Let: $$f(x)= \begin{cases} 0, & x < -4 \\ 5, \qquad\quad& \llap{-4 \le{}} x < -1 \\ -2, & \llap{-1 \le{}} x < 3 \\ 0,& x \ge 3\end{cases}$$

$$g(x) = \int_{-4}^x f(t)dt$$

I need to determine the value of each of the following: $g(-7) ,g(-3) ,g(0) ,g(4)$

I already know $g(-7) = 0$ and $g(-3) = 5$ I don't know how I know that, I just followed the basics of reading a piecewise, but the last two do not work the same way, and I don't understand how to find $g'(x)$ in order to make sense of the last two. There's no function to get a derivative from. I have spent hours trying to figure out how to do this, and need someone to help me start from scratch on this, because it makes absolutely no sense to me.

I also need to know how to find the absolute maximum, and what value of $x$ it occurs at. Again, no clue how to approach it. There's no function of $f(x)$ to derive anything from, so how is this done?

  • $\begingroup$ are the limit of the integrals given? $\endgroup$ – Siong Thye Goh Apr 27 at 8:04
  • $\begingroup$ No, no limits are given. $\endgroup$ – Sami Rae Apr 27 at 8:08
  • $\begingroup$ Interesting, do you assume integration over the whole real line to find $g(-7)$ and $g(-3)$? Are you sure the integral is written correctly? $\endgroup$ – Siong Thye Goh Apr 27 at 8:14
  • $\begingroup$ Well, it might look a bit odd, yea, I don't know how to write it in code to make it look nicer. The -4 should be at the bottom, and the x at the top, followed by f(t)dt And no, I just went by the basic piecewise process to find those values, and they worked, I did no integration. I have no idea how to when there's not a function to integrate. $\endgroup$ – Sami Rae Apr 27 at 8:24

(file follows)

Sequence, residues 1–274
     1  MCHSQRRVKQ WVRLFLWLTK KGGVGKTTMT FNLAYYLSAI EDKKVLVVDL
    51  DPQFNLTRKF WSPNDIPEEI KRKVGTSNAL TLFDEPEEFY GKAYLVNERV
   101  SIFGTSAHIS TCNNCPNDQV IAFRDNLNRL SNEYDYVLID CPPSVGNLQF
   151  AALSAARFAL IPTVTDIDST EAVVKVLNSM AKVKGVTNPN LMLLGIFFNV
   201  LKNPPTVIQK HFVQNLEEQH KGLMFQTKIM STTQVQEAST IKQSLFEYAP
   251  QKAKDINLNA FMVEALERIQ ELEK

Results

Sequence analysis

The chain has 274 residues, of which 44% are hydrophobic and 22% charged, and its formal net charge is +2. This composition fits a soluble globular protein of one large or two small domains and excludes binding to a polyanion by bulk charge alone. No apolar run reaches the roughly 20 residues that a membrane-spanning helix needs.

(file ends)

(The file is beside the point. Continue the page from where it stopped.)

Just split the integral over different region and integrate them.$$g(0) = \int_{-4}^{0}f(t) \, dt = \int_{-4}^{-1}f(t) \, dt + \int_{-1}^0 f(t) \, dt$$

$$g(4) = \int_{-4}^{4}f(t) \, dt = \int_{-4}^{-1}f(t) \, dt + \int_{-1}^3 f(t) \, dt + \int_3^4 f(t) \, dt$$

Try to complete the above computation by replacing $f(t)$ with the right expression and evalute them.

Notice that $g$ increases from $-4$ to $-1$ and then it decreases. Hence the maximum occur when $x=-1$. Find $g(-1)$.

  • $\begingroup$ Yea, that looks good, but I don't know what expression you mean. What goes in the place of f(t)? The 5? Or -2? Wouldn't that just equal 3? I don't see what equation there is to put there, or how those values are being affected at at all. $\endgroup$ – Sami Rae Apr 27 at 8:43
  • $\begingroup$ For example, to evaluate $\int_{-4}^{-1}f(t)\, dt$, notice that $f(t)$ always takes the value $5$, so $\int_{-4}^{-1}f(t)\, dt=\int_{-4}^{-1}5\, dt$. I have splitted the integral such that $f(t)$ take a particular expression as stated in the description of the question. Similarly, $\int_{-1}^0 f(t) \, dt = \int_{-1}^0 (-2) \, dt$ $\endgroup$ – Siong Thye Goh Apr 27 at 8:49
  • $\begingroup$ Okay, so /int_−1^−4 5𝑑𝑡, would be 5(-1) - 5(-4) = 15 ? And then ∫0−1(−2)𝑑𝑡 would be 0 - 2, so g(0) = 13 $\endgroup$ – Sami Rae Apr 27 at 8:53
  • $\begingroup$ yes, also, try to click on the edit button, there you can learn how to type mathjax on the site. use dollar sign around mathy objects, use \int to type $\int$ and use underscore and caret to type subscript and superscript. The earlier you pick up, the easier it facilitates communication on the site. $\endgroup$ – Siong Thye Goh Apr 27 at 8:55
  • $\begingroup$ Okay, I think I've got it. Phew. Okay, I'll look at that now, thank you so much! $\endgroup$ – Sami Rae Apr 27 at 8:55

Your Answer

By clicking “Post Your Answer”, you agree to our terms of service, privacy policy and cookie policy

Not the answer you're looking for? Browse other questions tagged or ask your own question.